Breastfeeding: My Thoughts & My Journey

Breastfeeding: My Thoughts & My Journey

 

I promised in the twelve week update of Life with Bump that I would write about my breastfeeding journey and tell you my thoughts on the subject. I managed to find an hour or two to draft a post when we were on our break in France a couple of weeks back.

 

Breastfeeding: The Government Facts

Breastfeeding, the most natural thing in the world. All mammals do it.

There is a lot of information about breastfeeding. The World Health Organisation {that is one serious organisation!} say that every infant should be breastfeed for the first six months of their life.

The NHS, following the World Health Organisation’s lead, have decided that all new mums should be encouraged to breast feed. Indeed, 75% of mums in the UK, apparently, breastfeed their babies. Anyone who has recently been pregnant will know that the NHS is on a ‘breastfeeding drive’.

The NHS led talks I attended made me feel like “breast was best”. Put into context the NHS breastfeeding drive isn’t surprising when you consider that only one in two hundred babies in the UK are breastfed after their first birthday {that is one of the lowest rates in the world apparently}.

Two key points have been forgotten as everyone has focused on encouraging breastfeeding. Firstly, breastfeeding is not always viable for new mums and, secondly, there is a huge lack of support in the UK  for breastfeeding mums and those trying.

parliament

The lack of support does not help mummies at all. Especially as all you are trying to do is the right thing for your baby. Then you are told that you are wrong for not breastfeeding!

 

Breastfeeding: The End

As some of you know, I have just ended my breastfeeding journey with Bump. I breastfeed for as long as I could. With hindsight though, I struggled from day one.  I didn’t struggle due to latch issues or because of sore nipples. I had a lack of supply. Something that no one ever mentioned in antenatal classes or at hospital.

My lack of supply was obvious. I am a quite determined person so, stupidly, I kept trying to breastfeed for ten long physical and emotional weeks.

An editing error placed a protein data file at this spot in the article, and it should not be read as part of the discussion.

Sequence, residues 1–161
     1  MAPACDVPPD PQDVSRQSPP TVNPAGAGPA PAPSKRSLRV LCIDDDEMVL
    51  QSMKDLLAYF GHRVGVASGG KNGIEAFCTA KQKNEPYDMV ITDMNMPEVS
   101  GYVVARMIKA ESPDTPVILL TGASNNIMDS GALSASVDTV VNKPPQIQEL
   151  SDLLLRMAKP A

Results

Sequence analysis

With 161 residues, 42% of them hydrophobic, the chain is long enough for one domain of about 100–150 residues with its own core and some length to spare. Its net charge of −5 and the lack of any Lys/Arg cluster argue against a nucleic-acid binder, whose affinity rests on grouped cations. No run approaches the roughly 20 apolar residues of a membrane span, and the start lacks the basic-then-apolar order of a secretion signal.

The signs were all there that, this time round, breastfeeding wasn’t right. I never had engorged boobs, I never had to wear breast pads, I never had a leaky boob and to top it all off Bump lost over 12% of his body weight in the first week. We topped him up with formula and he put the weight back on but I felt like a bad mum because we were giving him formula.

Clearly the NHS drive on promoting breastfeeding, isn’t in place to make mum’s who can’t breastfeed feel bad. It is in place because the scientific evidence {see here for an example} shows it helps children in their early development. It stops disease, is “better” for them and is cheaper. However, that doesn’t help you if you are one of those ladies {like me} who couldn’t breastfeed.

Week ten was a watershed moment. I realised I couldn’t carry on breastfeeding. I wasn’t producing anywhere near enough milk. Bump was constantly grumpy, waking 4-5 times in the night and frustrated with each feed.

 

Let Down


I felt let down by my body. I wasn’t able to do one of the most natural things in the world {though some people now question if it is natural}. The thing I was born with tits to do. The thing the NHS told me was the right thing to do. I felt I would be judged for formula feeding by my GP, my mummy friends and my own mother.

The pressure I felt to keep plugging away was huge. I am, however, so glad that I finally decided to switch to formula. Bump has been so much happier and has piled the weight on as a result.

It is not right that mums who struggle with breastfeeding should feel they must breastfeed. Breast is not best. Fed is best. We need to ensure there is better support networks for new mums. Us new mummies, however, shouldn’t rely solely on the health professionals to establish those support networks. We should get out there and support each other.

It really upsets me when I read of mums who have attributed their postnatal depression to the fact that they couldn’t breastfeed. That isn’t what health visitors, doctors or the NHS want to achieve. And it certainly isn’t what us fellow mummies should want for other mums.

Everyones main concern should be the health of baby and mum. We need to support mum’s and not make them feel like failures. We are all trying our best to bring up our babies to be healthy and happy and really ‘fed is best’.

If I get pregnant again, I will try to breastfeed once more. I won’t, however, put so much pressure on myself.

So all mummies to be, my advice is this. Yes breast is great but be realistic with yourself. Don’t feel pressured to breastfeed if deep down, like me, you know it isn’t working. Remember the health of your new baby is paramount, no one, in years to come, will judge you for not breastfeeding your child. And to all us mummies, lets stick together and support each other.

If any of you are struggling with breastfeeding, do speak up. Please don’t be fobbed off by GPs or breastfeeding advisers and told to keep plugging away. If you feel something isn’t right then follow your instinct. How did you all find breastfeeding? Did you love it? Or did you, like me, struggle? How do we go about providing better peer support for new mums who are trying to breastfeed? 

Penny x

 

Disclosure: Elements of this blog were originally posted on the Mummy & Little Me blog as part of the Birth of a Mummy and Mummy & Little Me partnership. Whilst I am receiving a small payment from Mummy & Little Me they leave it up to me to decide what I blog about and do not have any editorial impact on my posts.

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